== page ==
Acts 17:1-12

Have you every noticed a tendency within yourself to be skeptical of words coming from strangers, but willing to receive words coming from friends? I have. Im sure you have also. There are undoubtedly some good reasons we trust our friends. There are likely some hard lessons learned that have caused us to not trust the words of every ‘guest speaker’ or new voice we hear.

I don’t want to talk about all the reasons why we may or may not trust people who speak into our lives, but I do want you to consider this question with me. Is this tendency to receive words from ‘familiar speakers’ and dismiss words from ‘guest speakers’ always a virtue? Or, is it possible that this natural tendency is at times leading us astray?

It seems that we often are willing to receive or dismiss words/messages almost entirely on emotional grounds. If we like the person speaking, know the person speaking, or feel comfortable because the person speaking is echoing what we enjoy to hear, then we almost instantly receive those words. On the other hand, if we don’t particularly care for the person speaking, or we don’t particularly care for the words being spoken, we often hastily reject those words. Why is this so? Human nature I suppose.

Luke, the author of Acts, writes about the Apostle Paul’s experience in Berea. The Bereans had a virtuous methodology when listening to their ‘guest speaker’, Paul.

“These were more noble than those in Thessalonica, in that they received the word with all readiness of mind, and searched the scriptures daily, whether those things were so.”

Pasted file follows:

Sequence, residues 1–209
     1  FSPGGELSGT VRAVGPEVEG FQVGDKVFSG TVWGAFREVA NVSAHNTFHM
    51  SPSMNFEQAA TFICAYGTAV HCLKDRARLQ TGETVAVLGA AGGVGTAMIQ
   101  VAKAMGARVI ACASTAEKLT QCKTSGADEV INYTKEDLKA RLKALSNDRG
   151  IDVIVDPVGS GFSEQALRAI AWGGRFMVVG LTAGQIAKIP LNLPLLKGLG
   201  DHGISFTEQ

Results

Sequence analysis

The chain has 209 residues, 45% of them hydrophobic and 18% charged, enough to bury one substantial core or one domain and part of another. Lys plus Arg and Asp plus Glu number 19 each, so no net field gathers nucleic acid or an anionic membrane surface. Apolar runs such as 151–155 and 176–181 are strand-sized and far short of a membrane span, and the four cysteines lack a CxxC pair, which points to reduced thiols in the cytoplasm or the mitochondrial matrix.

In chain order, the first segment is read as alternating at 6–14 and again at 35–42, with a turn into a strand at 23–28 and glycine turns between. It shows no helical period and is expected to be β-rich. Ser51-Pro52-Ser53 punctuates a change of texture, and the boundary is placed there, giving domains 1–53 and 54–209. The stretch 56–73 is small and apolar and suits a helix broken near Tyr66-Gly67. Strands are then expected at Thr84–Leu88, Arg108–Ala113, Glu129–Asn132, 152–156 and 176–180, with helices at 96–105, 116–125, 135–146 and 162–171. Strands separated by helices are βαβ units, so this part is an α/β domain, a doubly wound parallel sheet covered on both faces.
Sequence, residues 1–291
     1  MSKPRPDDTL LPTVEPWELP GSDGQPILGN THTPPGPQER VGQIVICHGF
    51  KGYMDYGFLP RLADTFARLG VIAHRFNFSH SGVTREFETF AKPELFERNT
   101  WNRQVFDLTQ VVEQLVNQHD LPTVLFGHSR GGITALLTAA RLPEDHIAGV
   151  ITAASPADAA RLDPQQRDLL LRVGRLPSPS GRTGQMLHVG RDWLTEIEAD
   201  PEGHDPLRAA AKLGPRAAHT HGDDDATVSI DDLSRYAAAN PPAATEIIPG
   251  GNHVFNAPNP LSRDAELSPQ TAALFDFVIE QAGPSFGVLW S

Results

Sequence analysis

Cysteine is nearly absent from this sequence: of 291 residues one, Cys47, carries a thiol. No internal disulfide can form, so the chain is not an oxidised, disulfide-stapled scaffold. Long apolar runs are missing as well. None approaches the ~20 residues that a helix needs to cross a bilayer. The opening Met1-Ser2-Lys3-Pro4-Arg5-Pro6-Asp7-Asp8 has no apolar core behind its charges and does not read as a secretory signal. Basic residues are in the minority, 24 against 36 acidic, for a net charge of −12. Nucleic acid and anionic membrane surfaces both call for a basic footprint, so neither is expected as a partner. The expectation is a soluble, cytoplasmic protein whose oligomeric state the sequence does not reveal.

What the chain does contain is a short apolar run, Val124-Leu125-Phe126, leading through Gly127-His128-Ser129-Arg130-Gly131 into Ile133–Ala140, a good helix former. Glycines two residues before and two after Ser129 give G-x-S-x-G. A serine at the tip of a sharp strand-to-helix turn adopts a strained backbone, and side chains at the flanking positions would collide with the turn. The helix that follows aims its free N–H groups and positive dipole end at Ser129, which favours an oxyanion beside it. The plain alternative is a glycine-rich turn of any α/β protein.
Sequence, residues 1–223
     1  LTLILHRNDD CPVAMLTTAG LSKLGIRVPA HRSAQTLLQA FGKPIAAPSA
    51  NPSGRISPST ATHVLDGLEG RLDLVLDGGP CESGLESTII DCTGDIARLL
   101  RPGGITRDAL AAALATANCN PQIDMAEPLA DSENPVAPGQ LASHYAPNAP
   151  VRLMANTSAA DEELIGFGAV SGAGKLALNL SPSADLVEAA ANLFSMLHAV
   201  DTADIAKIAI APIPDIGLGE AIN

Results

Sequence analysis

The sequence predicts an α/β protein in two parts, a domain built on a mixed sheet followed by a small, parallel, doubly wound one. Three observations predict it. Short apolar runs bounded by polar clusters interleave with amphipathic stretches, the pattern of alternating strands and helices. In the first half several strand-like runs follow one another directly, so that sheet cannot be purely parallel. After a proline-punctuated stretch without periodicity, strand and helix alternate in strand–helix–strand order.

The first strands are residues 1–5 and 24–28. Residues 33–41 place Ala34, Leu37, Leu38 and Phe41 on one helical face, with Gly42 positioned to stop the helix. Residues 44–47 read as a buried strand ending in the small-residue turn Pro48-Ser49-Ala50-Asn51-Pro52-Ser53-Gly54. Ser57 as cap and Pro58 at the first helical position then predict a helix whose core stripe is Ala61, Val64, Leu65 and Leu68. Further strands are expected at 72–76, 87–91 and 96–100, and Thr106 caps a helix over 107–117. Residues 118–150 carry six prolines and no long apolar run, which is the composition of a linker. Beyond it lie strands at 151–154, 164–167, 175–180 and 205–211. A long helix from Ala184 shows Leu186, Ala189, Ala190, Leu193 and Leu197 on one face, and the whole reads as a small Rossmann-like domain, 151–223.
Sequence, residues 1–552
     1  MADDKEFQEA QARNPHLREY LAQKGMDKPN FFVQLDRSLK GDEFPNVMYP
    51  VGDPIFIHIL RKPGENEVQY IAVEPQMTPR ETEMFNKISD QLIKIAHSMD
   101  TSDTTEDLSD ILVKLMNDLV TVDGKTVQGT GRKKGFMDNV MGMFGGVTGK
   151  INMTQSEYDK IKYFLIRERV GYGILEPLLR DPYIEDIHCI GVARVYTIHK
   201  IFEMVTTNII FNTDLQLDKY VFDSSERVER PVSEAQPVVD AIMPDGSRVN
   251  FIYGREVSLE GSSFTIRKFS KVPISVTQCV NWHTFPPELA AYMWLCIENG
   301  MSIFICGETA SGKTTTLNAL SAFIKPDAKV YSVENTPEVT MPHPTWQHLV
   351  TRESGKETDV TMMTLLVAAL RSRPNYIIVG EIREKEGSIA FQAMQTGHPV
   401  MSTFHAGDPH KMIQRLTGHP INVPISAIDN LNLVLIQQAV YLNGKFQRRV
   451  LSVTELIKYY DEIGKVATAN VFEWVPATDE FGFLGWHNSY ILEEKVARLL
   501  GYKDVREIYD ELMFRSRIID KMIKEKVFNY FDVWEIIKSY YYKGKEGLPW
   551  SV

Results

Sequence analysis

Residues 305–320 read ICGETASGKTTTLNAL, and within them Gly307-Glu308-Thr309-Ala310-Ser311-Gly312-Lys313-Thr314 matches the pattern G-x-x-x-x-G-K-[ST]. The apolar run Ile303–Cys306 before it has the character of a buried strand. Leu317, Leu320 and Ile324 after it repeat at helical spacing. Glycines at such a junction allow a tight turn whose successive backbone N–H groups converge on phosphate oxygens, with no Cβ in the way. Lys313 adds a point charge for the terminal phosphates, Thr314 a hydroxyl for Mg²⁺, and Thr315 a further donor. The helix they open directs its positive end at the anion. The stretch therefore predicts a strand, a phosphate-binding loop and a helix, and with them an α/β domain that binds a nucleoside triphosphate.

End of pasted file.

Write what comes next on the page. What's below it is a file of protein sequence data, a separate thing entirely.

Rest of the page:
The Bereans measured the words of Paul by the objective standard of truth. They listened to Paul, they payed attention to his content without really knowing him personally, but they measured the weight of his words correctly. How did they measure Paul’s words? They used the Old Testament scriptures, knowing them to be the Word of God, to affirm or deny Paul’s claims. Their acceptance or rejection of Paul’s message wasn’t based upon their preferences or some emotional grounds. They searched the scriptures because they believed the Word of God to be the objective standard of truth that all other truth claims about God need to be measured by.

Let us as New Testament believers recognize our own natural tendency to falsely weigh other people’s words with the wrong scales. Its our tendency to measure the words of the  ‘guest speaker’ and of the ‘familiar speaker’ with questions like this: (1) ‘Do these words tell me what I want to hear?’ (2) ‘Did the speaker take the time to get to know me first?’ (3) ‘Do these words sound right to me?’. All three of these examples are wrong because they place self as the arbiter of truth. We are not the arbiters of truth. Truth is not relative. We are Christians, and therefore we believe the Bible to be the objective standard of truth. Truth is able to be observed, learned, measured, and acted upon. The Holy Scriptures, 66 books of the Old and New Testaments, are the “only sufficient, certain, and infallible rule of all saving knowledge, faith, and obedience.” (Baptist Confession of Faith 1689, 1.1)

So then, we should all seek to be a bit more like those Bereans. Let’s rely upon the Holy Scriptures to help us measure the words of all ‘guest speakers’ and ‘familiar speakers’ rightly.